Brain implant allows ALS patient to communicate

By Shen Gao

Staff Writer

A woman suffering from ALS (amyotrophic lateral sclerosis) in the Netherlands recently underwent a brain surgery that allows her to communicate through the placement of an implant.

als

Source: Brain Center, University Medical Center Utrecht

Hanneke de Bruijne, a mother of three, was diagnosed with ALS in 2008. Over the course of eight years, she lost her ability to move her limbs, fingers, and even her face muscles. She was barely able to communicate with anyone, and required a ventilator to breathe.

Until recently, she had to mainly rely on the movement of her eyes to indicate what she was thinking or wanted to say, through the help of an eye-tracking device. However, this device almost never worked outside due to daylight.

The new brain implant works anywhere, without the assistance of professionals.

Known as a brain-computer interface, the invisible technology relies on electrodes that are placed on the motor cortex of the brain, which controls movement. They are wired to a small transmitter that is implanted in de Bruijne’s chest. This transmitter then communicates with a receiver that is connected to a computer that shows a letter grid.

When she wants to select a letter on the screen, she watches the square moving on the letters, and watch where the box lands. When it lands on the letter that she wants, she must think about trying to move her right hand to press the letter—even though she is not able to complete the actual movement. The motor cortex, however, still produces the same signal that corresponds to this movement, and these signals are transmitted to correctly select the letter.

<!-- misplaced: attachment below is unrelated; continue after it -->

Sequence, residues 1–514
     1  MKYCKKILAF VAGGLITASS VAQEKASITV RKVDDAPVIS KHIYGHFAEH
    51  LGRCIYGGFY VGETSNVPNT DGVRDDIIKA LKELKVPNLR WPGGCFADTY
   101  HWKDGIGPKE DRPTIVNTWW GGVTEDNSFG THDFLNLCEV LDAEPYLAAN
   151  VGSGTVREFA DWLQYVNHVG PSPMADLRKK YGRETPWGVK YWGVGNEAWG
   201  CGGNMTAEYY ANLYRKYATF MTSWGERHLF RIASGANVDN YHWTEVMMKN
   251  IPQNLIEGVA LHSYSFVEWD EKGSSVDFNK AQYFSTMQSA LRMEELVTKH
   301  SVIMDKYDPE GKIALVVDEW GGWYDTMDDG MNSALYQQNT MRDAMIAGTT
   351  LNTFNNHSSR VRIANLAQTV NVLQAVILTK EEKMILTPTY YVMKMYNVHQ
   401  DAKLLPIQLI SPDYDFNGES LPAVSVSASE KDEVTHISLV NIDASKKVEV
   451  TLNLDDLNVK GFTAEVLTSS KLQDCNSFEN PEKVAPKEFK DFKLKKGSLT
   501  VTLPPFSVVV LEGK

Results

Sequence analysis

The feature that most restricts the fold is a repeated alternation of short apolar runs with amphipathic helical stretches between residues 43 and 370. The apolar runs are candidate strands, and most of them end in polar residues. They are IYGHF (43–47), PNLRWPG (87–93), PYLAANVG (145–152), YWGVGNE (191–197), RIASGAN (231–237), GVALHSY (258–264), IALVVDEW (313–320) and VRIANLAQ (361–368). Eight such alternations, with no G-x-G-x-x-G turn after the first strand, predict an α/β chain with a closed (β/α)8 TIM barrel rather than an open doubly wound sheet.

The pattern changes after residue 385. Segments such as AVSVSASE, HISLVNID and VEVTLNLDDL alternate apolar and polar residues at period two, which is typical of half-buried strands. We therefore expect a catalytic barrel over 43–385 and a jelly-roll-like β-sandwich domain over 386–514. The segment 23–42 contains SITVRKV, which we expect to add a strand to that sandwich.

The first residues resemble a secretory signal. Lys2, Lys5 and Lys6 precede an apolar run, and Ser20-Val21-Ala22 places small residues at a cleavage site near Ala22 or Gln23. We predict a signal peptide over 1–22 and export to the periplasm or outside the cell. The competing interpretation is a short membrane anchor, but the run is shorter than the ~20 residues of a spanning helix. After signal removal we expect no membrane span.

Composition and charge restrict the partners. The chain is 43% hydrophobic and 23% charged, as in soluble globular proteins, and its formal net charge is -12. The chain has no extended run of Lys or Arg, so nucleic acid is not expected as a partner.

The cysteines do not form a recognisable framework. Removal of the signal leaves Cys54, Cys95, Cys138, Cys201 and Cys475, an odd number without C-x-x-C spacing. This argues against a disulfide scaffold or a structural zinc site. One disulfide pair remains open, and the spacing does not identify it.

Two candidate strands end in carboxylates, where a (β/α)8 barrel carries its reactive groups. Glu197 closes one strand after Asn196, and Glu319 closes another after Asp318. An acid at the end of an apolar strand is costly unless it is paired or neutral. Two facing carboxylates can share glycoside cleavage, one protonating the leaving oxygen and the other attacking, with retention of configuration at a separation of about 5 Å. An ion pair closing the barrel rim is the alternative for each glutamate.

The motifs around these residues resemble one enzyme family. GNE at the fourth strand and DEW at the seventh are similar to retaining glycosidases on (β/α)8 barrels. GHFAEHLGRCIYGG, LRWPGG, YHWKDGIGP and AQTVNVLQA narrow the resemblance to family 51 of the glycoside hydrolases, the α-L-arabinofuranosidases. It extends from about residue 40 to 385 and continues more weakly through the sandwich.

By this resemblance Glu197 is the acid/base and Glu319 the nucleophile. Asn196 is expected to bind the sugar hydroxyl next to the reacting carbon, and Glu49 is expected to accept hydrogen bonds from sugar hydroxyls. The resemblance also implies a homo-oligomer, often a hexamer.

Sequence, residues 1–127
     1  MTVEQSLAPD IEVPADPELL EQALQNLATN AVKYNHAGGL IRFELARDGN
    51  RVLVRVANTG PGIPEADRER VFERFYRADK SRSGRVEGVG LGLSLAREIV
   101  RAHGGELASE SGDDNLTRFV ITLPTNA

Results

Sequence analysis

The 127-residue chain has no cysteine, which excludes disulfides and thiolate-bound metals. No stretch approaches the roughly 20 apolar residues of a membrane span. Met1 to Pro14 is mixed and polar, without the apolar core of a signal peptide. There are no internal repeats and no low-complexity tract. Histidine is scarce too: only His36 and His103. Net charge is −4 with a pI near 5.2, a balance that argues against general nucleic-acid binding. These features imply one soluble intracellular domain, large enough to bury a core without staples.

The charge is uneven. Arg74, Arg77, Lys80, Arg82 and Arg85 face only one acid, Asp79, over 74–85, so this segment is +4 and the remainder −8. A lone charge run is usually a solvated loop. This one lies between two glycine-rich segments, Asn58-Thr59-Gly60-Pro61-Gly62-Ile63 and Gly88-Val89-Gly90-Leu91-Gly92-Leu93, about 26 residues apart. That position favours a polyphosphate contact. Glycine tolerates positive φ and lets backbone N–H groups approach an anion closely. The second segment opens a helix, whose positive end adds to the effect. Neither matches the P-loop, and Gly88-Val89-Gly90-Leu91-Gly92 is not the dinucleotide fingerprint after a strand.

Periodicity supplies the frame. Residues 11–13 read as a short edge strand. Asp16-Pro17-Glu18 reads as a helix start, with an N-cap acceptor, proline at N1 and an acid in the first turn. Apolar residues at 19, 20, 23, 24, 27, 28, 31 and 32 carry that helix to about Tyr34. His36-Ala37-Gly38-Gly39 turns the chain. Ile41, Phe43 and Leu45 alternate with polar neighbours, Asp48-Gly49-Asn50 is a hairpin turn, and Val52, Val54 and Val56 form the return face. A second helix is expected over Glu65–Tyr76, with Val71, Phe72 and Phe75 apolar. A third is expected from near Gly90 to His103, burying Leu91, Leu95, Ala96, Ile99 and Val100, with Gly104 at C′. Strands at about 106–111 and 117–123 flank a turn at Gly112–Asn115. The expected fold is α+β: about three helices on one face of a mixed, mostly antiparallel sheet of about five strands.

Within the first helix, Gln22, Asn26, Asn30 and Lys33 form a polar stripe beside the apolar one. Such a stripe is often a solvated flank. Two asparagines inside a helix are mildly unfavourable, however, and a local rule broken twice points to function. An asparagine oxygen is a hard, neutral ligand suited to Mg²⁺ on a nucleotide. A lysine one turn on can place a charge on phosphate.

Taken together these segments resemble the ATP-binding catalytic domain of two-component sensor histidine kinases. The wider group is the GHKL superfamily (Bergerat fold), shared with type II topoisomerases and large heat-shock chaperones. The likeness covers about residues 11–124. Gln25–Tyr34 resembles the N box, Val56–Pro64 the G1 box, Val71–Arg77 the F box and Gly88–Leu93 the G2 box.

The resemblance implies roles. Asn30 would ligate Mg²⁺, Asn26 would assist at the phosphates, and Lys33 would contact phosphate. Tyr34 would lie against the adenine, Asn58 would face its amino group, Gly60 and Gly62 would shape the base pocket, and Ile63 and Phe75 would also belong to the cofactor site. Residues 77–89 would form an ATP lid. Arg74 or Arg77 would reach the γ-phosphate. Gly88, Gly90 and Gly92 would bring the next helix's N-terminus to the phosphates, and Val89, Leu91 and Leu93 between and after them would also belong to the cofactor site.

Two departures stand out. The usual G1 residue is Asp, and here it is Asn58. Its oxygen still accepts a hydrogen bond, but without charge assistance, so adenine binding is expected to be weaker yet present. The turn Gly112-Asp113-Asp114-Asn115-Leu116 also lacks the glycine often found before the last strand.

Nick Ramsey, professor of neuroscience at the University Medical School Utrecht in the Netherlands, led the research that produced this technology. Currently, de Bruijne can communicate at a rate of two letters per minute, which is still slower compared to the eye tracker. However, Ramsey hopes to make his implant faster and more sophisticated.

“Now, we can start working on systems that have 30 or 60 electrodes to decode sign language … or internal speech.” Ramsey told CNN. “Then you could spell the way a deal person would spell. That is the goal.”

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